As the union debate has been focused on singular possibilities, transformation or rupture, the left has no proposal of how to actually do either successfully. As a result, we must pull the lens back and realize there are over 14 million workers in the US that are members of unions, with very few revolutionaries implanted in such a landscape. Informal groups of workers that are unified and engage in common acts of resistance can somewhat alter the power relations at work. Working class organization coupled with working class acts of resistance, forms working class power, the antithesis of capital. The powerless landscape of wage-slaves within almost dead unions will begin to unravel with the formation of class struggle organization. The power of such an organization will have to be able to challenge the leadership of unions who closely collaborate with capitalist employers. It must also prepare for rupturing moments, like with the situation of Wisconsin, where capitalist employer attack leads to an unleashing of a classwide movement with a potential for an offensive. Such an organization could do work as a union caucus, but is not shaped and limited by that model. Such an organization would engage in political work both within and without the workplace, engaging workplace battles and social movements, becoming a bridge between these two worlds. The striking truckers in Southern California, the Walmart workers who engaged in walkouts, and the NYC fast food workers who engaged in a one-day strike, need an organization that corresponds to their emergent struggle. Such an organization would concretely support the formation of new class struggle organizations according to these emergent struggles. Such a political rank and file organization within the unions would be a revolutionary cell. Its content is the concentration of working class power, its form is the campaigns it unleashes as an outcome of the strategy developed. As the revolutionary left in the US is tiny, we also have to plan for fostering the development of individual class consciousness workers into such militants to build and lead such political cells. In addition, they will make apparent the degree to which the structure of the union, organized as it is in accordance with, and modeled after, capitalist legal frameworks that inherently suffocates working class militancy. This is a political intervention union caucus cannot do, or have not done, and those that advocate union transformation usually ignore. The focus on union transformation from its record of cooptation has not seriously challenged the union’s vertical integration into the state, nor the economic integration into capital. But those that have called for a rupture within the unions have also proven flat, and divorced from the energy and dynamics of working class struggle. The task at hand is to prepare for these coming capitalist attacks on unions, highly located in the public sector, with the formation of revolutionary cells within the unions that can combine the network building of day to day agitation, with rupturing moments of upsurge. This is where the community organizer meets the insurrectionist at the base of the union. The quality and quantity of such militants, unified with a strategy, form the degree of working class power that such a revolutionary cell embodies.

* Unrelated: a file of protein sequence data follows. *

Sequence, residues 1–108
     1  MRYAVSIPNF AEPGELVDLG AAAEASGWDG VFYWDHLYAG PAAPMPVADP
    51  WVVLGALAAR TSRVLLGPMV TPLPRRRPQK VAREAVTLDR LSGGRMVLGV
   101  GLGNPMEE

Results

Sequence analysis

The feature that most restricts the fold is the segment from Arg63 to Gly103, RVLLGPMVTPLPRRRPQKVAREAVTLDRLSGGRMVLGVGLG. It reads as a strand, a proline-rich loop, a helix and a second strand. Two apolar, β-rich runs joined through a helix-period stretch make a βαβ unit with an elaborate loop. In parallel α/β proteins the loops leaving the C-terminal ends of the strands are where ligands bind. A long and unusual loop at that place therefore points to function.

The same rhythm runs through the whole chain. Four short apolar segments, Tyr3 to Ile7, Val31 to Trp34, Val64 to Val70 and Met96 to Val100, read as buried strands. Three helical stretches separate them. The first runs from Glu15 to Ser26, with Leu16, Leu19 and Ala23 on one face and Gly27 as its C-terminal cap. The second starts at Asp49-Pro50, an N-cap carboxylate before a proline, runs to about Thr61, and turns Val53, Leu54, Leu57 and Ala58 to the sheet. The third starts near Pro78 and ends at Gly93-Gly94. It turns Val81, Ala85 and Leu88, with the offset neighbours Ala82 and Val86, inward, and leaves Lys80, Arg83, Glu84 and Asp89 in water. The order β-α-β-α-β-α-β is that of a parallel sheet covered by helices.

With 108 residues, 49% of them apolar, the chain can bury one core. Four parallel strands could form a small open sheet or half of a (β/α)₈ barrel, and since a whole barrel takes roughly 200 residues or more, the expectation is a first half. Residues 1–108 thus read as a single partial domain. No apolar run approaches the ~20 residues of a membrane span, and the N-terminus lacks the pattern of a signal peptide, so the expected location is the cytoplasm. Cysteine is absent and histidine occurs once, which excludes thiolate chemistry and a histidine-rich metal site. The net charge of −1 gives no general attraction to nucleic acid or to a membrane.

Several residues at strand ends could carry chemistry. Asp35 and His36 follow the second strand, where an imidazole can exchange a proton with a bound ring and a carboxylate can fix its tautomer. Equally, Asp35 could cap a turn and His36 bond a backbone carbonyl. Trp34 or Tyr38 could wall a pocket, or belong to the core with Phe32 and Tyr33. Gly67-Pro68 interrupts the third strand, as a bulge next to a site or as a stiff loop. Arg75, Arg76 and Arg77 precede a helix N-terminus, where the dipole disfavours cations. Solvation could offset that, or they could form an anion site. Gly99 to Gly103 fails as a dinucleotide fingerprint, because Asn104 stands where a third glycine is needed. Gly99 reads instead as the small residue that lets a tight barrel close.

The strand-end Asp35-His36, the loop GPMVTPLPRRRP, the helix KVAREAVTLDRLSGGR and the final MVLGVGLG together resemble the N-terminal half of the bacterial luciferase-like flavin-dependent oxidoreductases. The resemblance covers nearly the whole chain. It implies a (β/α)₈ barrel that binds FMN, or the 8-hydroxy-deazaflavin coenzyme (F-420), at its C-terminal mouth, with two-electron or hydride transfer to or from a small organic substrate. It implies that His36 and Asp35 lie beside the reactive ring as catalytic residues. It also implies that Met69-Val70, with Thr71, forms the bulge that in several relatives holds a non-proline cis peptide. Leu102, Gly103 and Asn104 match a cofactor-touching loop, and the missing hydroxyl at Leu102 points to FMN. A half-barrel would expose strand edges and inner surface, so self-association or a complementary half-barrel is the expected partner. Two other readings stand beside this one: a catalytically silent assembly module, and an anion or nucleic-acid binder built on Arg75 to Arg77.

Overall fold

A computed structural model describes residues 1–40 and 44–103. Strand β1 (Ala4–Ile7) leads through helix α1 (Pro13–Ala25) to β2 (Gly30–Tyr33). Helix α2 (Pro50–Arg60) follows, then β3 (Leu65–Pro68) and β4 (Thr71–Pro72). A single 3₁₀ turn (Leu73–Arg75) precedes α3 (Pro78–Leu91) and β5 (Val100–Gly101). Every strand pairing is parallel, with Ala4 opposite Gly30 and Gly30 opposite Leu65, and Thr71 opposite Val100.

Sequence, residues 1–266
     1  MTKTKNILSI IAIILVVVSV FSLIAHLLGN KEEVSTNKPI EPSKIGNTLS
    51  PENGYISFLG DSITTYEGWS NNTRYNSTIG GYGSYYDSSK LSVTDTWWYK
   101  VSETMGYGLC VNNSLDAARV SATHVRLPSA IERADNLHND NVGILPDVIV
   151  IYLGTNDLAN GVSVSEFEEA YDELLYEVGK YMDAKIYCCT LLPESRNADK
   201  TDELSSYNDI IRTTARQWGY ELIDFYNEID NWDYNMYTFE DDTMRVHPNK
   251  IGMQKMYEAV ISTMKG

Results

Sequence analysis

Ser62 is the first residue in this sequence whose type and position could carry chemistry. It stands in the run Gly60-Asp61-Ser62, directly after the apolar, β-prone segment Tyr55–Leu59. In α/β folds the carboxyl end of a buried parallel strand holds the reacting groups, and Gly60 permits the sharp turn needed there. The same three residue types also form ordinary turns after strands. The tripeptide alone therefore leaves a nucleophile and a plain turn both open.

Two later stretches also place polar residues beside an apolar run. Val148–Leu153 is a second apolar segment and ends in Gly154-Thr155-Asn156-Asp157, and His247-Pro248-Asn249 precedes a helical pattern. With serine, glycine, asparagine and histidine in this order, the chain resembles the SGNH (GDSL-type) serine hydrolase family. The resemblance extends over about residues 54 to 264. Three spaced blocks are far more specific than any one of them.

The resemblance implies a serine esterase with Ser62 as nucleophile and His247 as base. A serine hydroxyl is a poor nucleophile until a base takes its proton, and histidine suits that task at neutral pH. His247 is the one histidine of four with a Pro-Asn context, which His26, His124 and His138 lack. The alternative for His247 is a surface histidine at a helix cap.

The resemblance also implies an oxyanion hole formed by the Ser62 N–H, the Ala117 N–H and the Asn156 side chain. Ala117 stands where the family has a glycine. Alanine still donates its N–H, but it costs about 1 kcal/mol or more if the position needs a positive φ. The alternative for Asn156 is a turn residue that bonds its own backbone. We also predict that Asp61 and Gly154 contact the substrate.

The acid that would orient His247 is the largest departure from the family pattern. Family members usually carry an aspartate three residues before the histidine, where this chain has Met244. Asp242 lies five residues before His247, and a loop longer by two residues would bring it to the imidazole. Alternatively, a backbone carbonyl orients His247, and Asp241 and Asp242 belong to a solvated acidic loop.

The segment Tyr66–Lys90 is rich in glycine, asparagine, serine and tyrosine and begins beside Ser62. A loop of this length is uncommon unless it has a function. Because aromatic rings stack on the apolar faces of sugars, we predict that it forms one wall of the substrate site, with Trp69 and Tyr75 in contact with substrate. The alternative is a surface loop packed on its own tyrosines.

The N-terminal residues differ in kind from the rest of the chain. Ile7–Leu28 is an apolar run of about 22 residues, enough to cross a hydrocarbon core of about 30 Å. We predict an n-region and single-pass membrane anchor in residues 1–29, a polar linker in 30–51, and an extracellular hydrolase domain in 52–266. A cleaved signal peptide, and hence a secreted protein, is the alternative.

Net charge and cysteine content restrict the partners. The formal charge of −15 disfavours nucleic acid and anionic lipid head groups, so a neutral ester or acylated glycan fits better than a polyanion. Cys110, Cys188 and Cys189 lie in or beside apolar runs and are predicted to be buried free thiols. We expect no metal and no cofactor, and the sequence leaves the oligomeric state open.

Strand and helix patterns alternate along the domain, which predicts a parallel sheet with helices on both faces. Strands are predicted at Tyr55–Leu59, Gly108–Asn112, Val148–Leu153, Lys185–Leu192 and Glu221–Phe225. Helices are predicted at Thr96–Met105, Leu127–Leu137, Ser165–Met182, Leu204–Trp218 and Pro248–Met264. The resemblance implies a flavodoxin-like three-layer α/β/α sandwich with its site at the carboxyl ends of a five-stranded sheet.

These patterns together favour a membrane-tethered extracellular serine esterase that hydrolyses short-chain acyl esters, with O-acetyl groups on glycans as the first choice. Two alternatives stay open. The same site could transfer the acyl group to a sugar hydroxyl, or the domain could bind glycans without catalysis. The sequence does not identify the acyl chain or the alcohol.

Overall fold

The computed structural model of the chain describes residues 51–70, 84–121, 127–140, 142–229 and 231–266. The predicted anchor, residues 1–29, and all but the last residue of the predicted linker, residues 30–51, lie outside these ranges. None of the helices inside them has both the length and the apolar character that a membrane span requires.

The majority of workplaces are non-union and can fire workers at will. The day-to-day agitation within the workplace, should be followed by a public political fight that demands the right to organize in all workplaces, coupled with democratic rights at work that support organizing of workers against the boss. The unions claim to lead this fight through their friends in the Democratic party, or their lawyers in the courts. We must begin, and develop, this fight in the streets and in the workplaces, squarely against electoralism, the state and the Democratic Party. That is how the working class will feel its strength against the capitalist state. It is central that the working class must fight for the right to strike as a class to begin to grow as a real force against capital. The experience and training of class conscious workers actively fighting for their working class rights in general, through real organizing campaigns, will expose how the capitalist class has the power, and begin to answer what it will take to overthrow such power. It will also expose how union bureaucracies will always try to hijack such movements, take the organizing out of the hands of the workers, and place it into the domain of the state. Strikes also expose one, the “neutral” institutions in how they serve the capitalist boss’ interest, and two, how workers who don’t work, force society to grind to a halt. Behind every defensive strike that transforms into an offensive one, the hydra of revolution also lurks, sending chills down the spine of the capitalist. The great 1877 general strike was the first strike of that character within this country. Once workers have the confidence, organization, and political strategy to defeat their boss, this movement can then challenge the capitalist system on a much larger level. Since we must begin from where we actually are, the movement of forming rank and file revolutionary cells within the unions is a prerequisite to get to this larger historic battle. Advance the Struggle aspires to accomplish such a historic task, being central groundwork in making a revolution in this country.